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Feeding 7,000 at ‘the Creek’

by Mason Phillips
Falls Creek Correspondent

Falls Creek is a camp Southern Baptist churches have fallen in love with over the last 100 years. The truth is that each nostalgiac memory of “the creek,” young and old, varies from person to person. Everyone can identify how it feels to roll up your pant legs, kick off your shoes and wade through the clear waters of Boulder Springs.
Falls Creek is a camp that makes a senior adult feel like a teenager once again. The bell that tolls in the humid summer mornings reminds one of the immense amount of ministry that this camp has as everyone counts the souls and hearts that turn to the Lord on a typical night of camp. But there is another side to Falls Creek.
What is it that makes this place “happen?” What makes the wheels turn to make the creek run like the finely tuned machine it has become? There is no single person behind the curtain. There are a host of committed servants who can show us how the camp truly works. In this series of articles, I will become your tour guide and ambassador to a top secret look, a peek under the tent, a look behind the curtain at the special faces of this legendary camp. There are names few have ever known. My mission is to help you know them better. You will learn how 7,000 kids are fed, how this beautiful camp stays clean, how the many churches drive their buses in and out smoothly, what a staffer endures on a hot summer day and much, much more.
DAVIS—Thursday, June 2 was the first of many upcoming visits to Falls Creek for the summer of 2011. On this particular day, the mission was this: find out how a camp this large provides three meals a day, plus the various snacks and treats that a typical camper simply must have. I spoke with a number of people who gave me sound advice on how the sub-culture of food and cooking revolves and operates at a mega-camp like Falls Creek.
It was early morning when I got in the car. So when I arrived at Falls Creek, the first thing I wanted was a cup of coffee. The friendly faces of the campus directed me to the West End Coffee Shop. The summer of 2010 was the debut of the West End, and the response has been nothing but positive. I entered the nicely air-conditioned shop, ordered a refreshing can of iced coffee and started chatting with the baristas there in the quiet morning lull.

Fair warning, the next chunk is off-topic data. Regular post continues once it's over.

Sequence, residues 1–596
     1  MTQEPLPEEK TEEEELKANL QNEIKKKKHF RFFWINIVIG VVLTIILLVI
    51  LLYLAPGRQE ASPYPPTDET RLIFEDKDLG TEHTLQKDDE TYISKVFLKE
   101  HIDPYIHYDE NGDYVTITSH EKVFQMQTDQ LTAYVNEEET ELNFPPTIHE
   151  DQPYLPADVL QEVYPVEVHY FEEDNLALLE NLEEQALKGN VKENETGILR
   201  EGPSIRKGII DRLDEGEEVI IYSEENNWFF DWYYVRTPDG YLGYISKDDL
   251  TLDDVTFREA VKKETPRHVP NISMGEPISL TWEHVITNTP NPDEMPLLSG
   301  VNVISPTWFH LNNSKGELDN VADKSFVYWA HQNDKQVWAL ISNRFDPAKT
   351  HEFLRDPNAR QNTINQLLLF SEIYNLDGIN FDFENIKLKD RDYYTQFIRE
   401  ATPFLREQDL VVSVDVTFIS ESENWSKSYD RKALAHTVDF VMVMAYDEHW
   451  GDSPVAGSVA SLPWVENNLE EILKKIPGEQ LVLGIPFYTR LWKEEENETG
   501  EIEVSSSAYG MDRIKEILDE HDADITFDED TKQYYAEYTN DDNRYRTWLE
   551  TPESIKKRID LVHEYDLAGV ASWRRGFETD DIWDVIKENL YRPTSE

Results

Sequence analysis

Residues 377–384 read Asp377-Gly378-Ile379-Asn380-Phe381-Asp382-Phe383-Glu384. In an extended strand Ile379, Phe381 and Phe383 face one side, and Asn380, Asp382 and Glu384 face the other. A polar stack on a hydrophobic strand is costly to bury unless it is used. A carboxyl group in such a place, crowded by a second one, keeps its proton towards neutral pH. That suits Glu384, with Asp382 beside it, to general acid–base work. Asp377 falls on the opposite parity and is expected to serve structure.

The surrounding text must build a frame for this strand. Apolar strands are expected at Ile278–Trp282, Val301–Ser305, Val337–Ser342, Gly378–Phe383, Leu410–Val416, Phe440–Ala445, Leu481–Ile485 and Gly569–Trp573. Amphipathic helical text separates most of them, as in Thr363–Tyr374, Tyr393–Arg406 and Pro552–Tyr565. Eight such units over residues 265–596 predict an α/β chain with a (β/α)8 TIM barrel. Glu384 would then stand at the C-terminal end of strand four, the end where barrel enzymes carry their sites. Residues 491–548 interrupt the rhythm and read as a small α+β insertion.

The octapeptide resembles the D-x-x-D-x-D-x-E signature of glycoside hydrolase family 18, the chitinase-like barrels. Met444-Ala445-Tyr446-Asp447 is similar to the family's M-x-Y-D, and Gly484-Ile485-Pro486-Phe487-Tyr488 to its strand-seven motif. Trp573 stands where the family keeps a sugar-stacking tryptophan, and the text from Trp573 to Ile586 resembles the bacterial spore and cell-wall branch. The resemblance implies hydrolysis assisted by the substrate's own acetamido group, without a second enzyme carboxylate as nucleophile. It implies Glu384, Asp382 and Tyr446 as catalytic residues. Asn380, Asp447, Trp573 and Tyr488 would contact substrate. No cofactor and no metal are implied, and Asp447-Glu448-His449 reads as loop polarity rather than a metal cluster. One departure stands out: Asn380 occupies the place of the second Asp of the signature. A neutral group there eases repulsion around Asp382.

Sarah Stephens, a young staffer from Oklahoma Baptist University, let me know—along with Julie Swain—that there was more to the coffee shop than just a smart business decision. Swain commented on the mission the coffee lent to the camp itself, “It’s a great avenue of service so that staff can serve with a smile.” Stephens had a perspective about the featured guests of the camp, “A lot of bands and speakers come in and use it as an opportunity to mingle with the campers, which is a great ministry.”
They also elaborated on the great location of the shop. Since West End is not in the same lot as the Icee venders and snow-cone stands, it gets another crowd of people who might be staying in a cabin not so close to the traditional Icee stands. The campers on that side of the camp feel like it is a little something special for them.
The next person I knew I had to speak with was Don Brown, food services manager, an old friend and chef extraordinaire. Brown’s job is not to serve the campers three meals a day. His job is to serve the staff, as well as provide food for the many non-typical weeks of camp, including Native American week, Ethiopian week, Hispanic week, etc. When I walked into the kitchen, he and his staff were busy at work with food items and dishes that kept them moving at a brisk pace wherever they walked. I hugged the wall closely just to stay out their way.